Trump’s arm-wrestling with Erdogan likely to worsen

Erdogan seems to relish a confrontation with Trump, whom he can use as a scapegoat for Turkey’s economic crisis.
Sunday 19/08/2018
The Turkish flag flies at the Turkish Embassy in Washington. (Reuters)
Isolated more than ever. The Turkish flag flies at the Turkish Embassy in Washington. (Reuters)

WASHINGTON - Deteriorating relations between the United States and Turkey have shifted from a diplomatic dispute to a personal fight between US President Donald Trump and Turkish President Recep Tayyip Erdogan that is likely to worsen, former US government officials said.

While the rift between the two NATO members has been growing for a couple of years, it plunged into hostility as Trump and Erdogan announced punitive actions and made hectoring statements. The immediate flashpoint is Turkey’s detention of evangelical American pastor Andrew Brunson on charges of helping the attempted coup in 2016.

Erdogan on August 15 increased tariffs on US goods such as cars, tobacco and alcohol and urged Turks to destroy their American-made cell phones. Erdogan was responding to Trump’s August 10 Twitter announcement that he was doubling tariffs on Turkish steel and aluminium — a move that helped send the Turkish lira into free fall.

“This issue is now extremely personal for Trump and it’s quite clear Trump is prepared to use additional policy measures” to secure Brunson’s release, said Amanda Sloat, a former US diplomat who handled US relations with Turkey and is now with the Brookings Institution. “The question is how much economic pain Erdogan is willing to suffer.”

Trump capitalised on Brunson’s religious background to build political support among US evangelical Christians, who are a key part of Trump’s political base. Trump notes Brunson’s religion every time he mentions him.

Erdogan seems to relish a confrontation with Trump, whom he can use as a scapegoat for Turkey’s economic crisis while trying to use Brunson as leverage to get the United States to extradite Turkish cleric Fethullah Gulen to face charges of instigating the July 2016 attempted coup in Turkey.

“The dispute is a problem because it plays on the instincts of both presidents. They’re fundamentally bullies, both of them. They’re now dug in and see political costs in backing down,” said Max Hoffman, a former UN disarmament and security specialist who is with the Centre for American Progress. “It’s really down to the personal egos of these two presidents.”

Hoffman, Sloat and analyst Steven Cook spoke August 16 in Washington during a panel discussion on US-Turkish relations. All agreed that US-Turkish relations have been deteriorating for years as the two countries have split over Iran, Syria, Erdogan’s consolidation of power and the arrest of roughly a dozen Turkish Americans following the coup attempt.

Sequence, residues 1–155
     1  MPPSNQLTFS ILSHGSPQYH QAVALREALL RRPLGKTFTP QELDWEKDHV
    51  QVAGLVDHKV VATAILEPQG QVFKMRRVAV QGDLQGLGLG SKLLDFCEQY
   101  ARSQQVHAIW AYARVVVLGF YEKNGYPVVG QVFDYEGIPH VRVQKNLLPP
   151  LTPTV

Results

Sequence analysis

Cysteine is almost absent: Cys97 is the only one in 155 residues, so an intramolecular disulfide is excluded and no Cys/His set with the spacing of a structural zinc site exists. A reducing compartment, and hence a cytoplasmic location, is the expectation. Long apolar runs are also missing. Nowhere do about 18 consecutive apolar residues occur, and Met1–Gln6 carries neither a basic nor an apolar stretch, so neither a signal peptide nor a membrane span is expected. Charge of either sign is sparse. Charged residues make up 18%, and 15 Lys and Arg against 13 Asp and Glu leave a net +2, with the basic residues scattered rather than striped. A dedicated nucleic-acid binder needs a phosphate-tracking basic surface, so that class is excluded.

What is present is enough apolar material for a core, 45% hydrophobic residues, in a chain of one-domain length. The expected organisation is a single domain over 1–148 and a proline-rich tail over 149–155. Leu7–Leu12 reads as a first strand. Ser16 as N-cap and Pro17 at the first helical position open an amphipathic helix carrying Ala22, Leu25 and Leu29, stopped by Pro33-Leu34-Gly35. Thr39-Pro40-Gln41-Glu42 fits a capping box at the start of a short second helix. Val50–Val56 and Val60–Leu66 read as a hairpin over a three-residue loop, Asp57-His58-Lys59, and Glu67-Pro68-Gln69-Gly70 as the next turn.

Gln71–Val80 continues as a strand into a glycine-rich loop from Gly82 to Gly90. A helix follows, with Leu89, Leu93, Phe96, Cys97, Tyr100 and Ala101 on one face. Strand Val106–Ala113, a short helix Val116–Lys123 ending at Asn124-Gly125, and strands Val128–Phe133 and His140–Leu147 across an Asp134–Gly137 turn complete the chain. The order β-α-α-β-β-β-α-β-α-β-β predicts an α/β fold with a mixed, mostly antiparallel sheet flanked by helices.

Recent opinion polls in Turkey indicated that 80% of Turkish respondents said the United States was complicit in the coup, reflecting a narrative put forth by Erdogan’s government.

Relations have become so strained that the United States should reset them with Turkey, said Cook, a senior fellow for Middle East and African studies at the Council on Foreign Relations.

“We should recognise there isn’t a strategic relationship and we need to figure out how to deal with a country that’s important but not as important as it once was,” he said.

The United States supported Turkey, hoping it could help negotiate a peace deal between the Palestinian territories and Israel and could serve as a democratic model for other Muslim nations. Turkey was a leading ally of the United States after the attacks on September 11, 2001.

More recently, Turkey has sought to develop closer ties with US adversaries Russia, China and Iran.

“It’s hard to make the case that Turkey is an ally and a partner when you consider the long list of different priorities,” Cook said.

Trump’s decision to increase tariffs and to sanction two members of Erdogan’s cabinet undermined efforts by the US State Department and Defence Department to defuse the conflict. State Department spokeswoman Heather Nauert tried to calm the brewing controversy by saying on August 15 that the United States has “a very broad relationship with the government of Turkey.”

“Of course, with all nations, as a general matter, we will often have areas where we don’t always agree,” Nauert added, “but we also have areas where we do work together and cooperate and Turkey would be one of those governments where we sometimes have areas where we disagree and we certainly sometimes have areas where we cooperate as well.”

On the same day, White House Press Secretary Sarah Sanders denounced a Turkish court’s decision to reject Brunson’s request to be released from custody as his trial continues. “We feel that Turkey, and specifically President Erdogan, have treated Pastor Brunson — who we know to be a very good person and a strong Christian who’s done nothing wrong — very unfairly, very badly,” Sanders said. “And it’s something that we won’t forget in the administration.”

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